At eight years old, reclining blissfully on a couch made for reading marathons, I let the world dissolve into the hair-raising plot twists of Alvin Schwartz’s More Scary Stories to Tell in the Dark. It was forbidden, tucked away firmly between composition books and homework to make sure my parents knew I didn’t have it. There was a textbook beneath it in case Mom or Dad came back in from their evening down time. Every breath matched the story’s pace. Earlier that day I felt Poe’s heartbeat while our librarian, thick-spectacled Mrs. Marshall, neutrally checked it out. The danger of getting in trouble added to the horror romance: What’s in here that causes parents to freak out? I’m so curious! Nightmarish tales unfolded, and as loathe as I was to admit it, my parents were right. I didn’t sleep well for weeks but an addictive thrill was sparked.
Neil Gaiman knows how to produce this thrill, sneak you back into your childhood, and keep you turning pages quickly and eagerly in The Ocean at the End of the Lane. The simple beauty of the writing, the credible narrator, and the creativity Gaiman displays with his “monsters” are superb. It brought me back to that couch. Reading for sheer fun is a wonderful pastime.
It’s great to be mesmerized by Romantic sentences, fraught with research and brilliance. It’s also important to let extremely well-placed, emotion-stirring and plainer words help you find story. Examples of this are “Jesus wept,” “It was the best of times, it was the worst of times” and “I know why the caged bird sings.” The power behind these statements outweighs its brevity. In The Ocean at the End of the Lane the unadorned dialogue leaves room for the story’s concept. It points to its depth, told from a young and still fairly innocent voice. The boy in this story is experiencing so many emotions and upheavals in his life. He does it with a concise grace. Another bonus is that the simpler language makes for faster reading. And believe me with this plot, you want to see the resolution as soon as possible. After witnessing a tragedy near his family’s land, the narrator starts to see his world change in disturbing ways. People aren’t what they claim. His new friend Lettie is shrouded in exciting mystery. Relationships with his immediate family shift and turn sour. Beneath all of this lies a supernatural current. Will he survive the unknown evil? Is Lettie strong enough to help save him?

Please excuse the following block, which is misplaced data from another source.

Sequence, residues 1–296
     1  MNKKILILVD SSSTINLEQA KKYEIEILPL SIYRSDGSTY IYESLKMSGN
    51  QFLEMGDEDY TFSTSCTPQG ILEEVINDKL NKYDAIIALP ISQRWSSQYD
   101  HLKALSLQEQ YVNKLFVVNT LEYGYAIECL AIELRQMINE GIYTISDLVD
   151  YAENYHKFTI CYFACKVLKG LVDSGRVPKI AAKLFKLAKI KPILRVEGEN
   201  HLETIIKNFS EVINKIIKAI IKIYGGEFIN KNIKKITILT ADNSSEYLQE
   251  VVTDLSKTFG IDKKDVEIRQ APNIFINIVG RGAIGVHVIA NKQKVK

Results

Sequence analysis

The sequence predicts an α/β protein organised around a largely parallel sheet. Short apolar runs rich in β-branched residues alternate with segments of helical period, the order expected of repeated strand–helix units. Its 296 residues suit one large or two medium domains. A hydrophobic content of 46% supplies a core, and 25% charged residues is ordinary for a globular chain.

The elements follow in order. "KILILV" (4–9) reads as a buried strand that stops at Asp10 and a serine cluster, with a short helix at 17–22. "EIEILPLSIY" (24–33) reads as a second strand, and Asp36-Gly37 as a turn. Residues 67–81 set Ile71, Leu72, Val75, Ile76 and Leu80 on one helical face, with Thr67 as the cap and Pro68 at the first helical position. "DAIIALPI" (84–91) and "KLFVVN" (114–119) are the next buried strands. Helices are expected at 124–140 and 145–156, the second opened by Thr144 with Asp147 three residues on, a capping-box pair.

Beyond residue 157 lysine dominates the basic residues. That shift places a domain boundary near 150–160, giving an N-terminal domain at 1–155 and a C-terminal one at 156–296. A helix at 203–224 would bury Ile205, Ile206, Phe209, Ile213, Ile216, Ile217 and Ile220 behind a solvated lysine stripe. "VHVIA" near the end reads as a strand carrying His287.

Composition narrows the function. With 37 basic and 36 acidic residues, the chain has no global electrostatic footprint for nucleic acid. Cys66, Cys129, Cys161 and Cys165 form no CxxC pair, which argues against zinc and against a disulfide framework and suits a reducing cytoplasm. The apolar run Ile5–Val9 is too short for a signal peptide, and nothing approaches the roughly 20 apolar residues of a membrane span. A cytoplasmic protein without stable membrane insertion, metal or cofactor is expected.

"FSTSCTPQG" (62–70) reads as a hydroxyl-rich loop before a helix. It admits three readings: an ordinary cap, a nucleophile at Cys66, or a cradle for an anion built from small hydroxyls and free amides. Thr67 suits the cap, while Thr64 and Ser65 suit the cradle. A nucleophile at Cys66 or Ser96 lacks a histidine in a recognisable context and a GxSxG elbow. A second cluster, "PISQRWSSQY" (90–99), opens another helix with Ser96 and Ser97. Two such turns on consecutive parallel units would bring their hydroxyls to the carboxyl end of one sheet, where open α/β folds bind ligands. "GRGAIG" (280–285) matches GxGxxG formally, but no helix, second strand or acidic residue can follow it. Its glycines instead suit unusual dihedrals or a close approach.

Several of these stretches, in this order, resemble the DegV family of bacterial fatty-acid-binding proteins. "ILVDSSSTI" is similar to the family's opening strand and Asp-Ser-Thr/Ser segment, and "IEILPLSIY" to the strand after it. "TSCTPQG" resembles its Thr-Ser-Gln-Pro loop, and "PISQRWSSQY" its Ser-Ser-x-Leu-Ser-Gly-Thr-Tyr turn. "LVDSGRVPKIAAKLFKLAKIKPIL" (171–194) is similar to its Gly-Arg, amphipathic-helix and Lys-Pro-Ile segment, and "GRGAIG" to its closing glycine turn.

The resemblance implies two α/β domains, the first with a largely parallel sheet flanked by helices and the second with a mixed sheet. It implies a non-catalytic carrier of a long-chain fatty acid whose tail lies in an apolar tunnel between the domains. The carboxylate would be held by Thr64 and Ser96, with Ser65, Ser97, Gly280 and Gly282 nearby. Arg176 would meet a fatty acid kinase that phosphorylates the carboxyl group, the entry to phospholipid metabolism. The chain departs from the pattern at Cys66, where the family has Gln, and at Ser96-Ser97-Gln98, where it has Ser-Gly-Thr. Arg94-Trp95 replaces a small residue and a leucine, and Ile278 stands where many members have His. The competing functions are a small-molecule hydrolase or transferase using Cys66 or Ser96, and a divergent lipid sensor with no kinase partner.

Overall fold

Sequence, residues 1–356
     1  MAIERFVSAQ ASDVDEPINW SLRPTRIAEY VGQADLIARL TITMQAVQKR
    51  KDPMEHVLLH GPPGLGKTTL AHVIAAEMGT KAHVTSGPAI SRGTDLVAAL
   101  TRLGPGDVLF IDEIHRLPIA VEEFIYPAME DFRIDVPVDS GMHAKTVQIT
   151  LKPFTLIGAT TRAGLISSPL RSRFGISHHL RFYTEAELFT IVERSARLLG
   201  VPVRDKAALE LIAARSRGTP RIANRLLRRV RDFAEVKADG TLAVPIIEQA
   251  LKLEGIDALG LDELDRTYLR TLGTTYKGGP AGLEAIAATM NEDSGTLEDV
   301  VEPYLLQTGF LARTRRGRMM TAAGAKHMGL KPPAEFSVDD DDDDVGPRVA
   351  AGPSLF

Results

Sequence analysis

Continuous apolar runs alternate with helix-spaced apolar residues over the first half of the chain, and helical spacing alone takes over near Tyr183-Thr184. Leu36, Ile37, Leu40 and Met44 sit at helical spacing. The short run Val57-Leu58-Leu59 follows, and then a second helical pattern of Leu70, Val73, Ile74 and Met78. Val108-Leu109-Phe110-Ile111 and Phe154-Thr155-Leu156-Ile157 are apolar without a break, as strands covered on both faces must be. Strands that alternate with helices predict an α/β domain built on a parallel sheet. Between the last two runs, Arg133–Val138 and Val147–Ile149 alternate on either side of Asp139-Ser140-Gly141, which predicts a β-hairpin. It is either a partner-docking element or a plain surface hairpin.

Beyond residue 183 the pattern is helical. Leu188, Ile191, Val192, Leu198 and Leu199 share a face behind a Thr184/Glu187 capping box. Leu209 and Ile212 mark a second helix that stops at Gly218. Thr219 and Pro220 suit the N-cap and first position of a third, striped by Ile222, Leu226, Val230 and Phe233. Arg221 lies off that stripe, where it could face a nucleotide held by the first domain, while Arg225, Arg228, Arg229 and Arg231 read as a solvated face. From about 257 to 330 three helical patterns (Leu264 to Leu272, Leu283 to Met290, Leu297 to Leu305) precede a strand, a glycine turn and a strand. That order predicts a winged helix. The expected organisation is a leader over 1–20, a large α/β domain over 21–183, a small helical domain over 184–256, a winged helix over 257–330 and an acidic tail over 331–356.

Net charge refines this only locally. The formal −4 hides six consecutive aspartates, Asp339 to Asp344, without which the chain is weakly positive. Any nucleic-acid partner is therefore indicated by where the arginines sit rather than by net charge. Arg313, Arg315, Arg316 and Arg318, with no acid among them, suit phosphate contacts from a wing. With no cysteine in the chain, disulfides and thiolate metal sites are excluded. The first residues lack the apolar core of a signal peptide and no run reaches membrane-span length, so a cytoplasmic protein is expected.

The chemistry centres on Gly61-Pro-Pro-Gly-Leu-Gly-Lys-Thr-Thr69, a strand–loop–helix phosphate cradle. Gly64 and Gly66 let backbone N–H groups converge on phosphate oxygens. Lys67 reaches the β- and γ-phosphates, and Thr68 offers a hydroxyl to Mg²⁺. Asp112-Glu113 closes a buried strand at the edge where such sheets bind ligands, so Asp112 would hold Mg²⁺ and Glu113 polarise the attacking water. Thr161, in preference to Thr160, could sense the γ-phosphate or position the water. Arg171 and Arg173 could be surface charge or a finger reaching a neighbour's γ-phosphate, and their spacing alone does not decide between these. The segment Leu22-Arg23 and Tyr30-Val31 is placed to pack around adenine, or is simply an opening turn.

This adolescent shows that children are capable of seeing clearer than adults. In seemingly unrelated details like bedroom design, evening routines and a shed filled with chemistry experiments, readers see a pattern form. The way his life works is basic, but never uneventful. He eats. He sleeps. He plays. He battles otherworldly creatures, including his sister. He shares community with the farmers down the road. They help him unlock the key to fighting monsters. The narrator is honest about his struggles, experiencing all senses with the audience. The feel of his foot in the sinking mud that he runs through in order to escape. The smell of plants and flowers. The comfort of a kitten snuggling close to his chest for rest. Gaiman provides all of this through an enjoyable point of view. The narrator is a friend to seven-year-olds everywhere and those who remember being seven. Here’s a great passage displaying the child filter:
“So I simply watched them from the huge branch of the beech tree. When they
walked out of sight, behind the azalea bushes, I clambered down the rope ladder,
went up into the house, up to the balcony, and I watched from there. It was a gray
day, but there were butter-yellow daffodils everywhere, and narcissi in profusion,
with their pale outer petals and their dark orange trumpets. My father picked a
handful of narcissi and gave them to Ursula Monkton, who laughed, and said
something, then made a curtsey. He bowed in return, and said something that
made her laugh. I thought he must have proclaimed himself her Knight in Shining
Armor, or something like that.
I wanted to shout down to him, to warn him that he was giving flowers to a
monster…” (pg. 67)
A creative way to introduce monsters in a story is to make them normal things or people. Rather than painting them elaborately, Gaiman pares it down to what truly scares us. Childhood expectations of parents being shattered, fear of loneliness, and mean people are some of these themes. Just as the evil presence in the book seems simple but becomes complex, the solution fares the same. Narrating his way through fight or flight, the main character takes time to describe nature. Appalled by his father’s treatment he navigates the elements like a Lost Boy. The monsters are savage, corrosive and completely mundane. Safety from the monsters is described in terms of hot meals, soothing baths and a clean set of clothing. Safe people walk with him through these trials and he perseveres wiser and braver. Everything ties together like magic in this book.
This is one of three works I’ve read by Gaiman (Sandman– impressive, Neverwhere– not my favorite), and hunger for his extensive library presses on.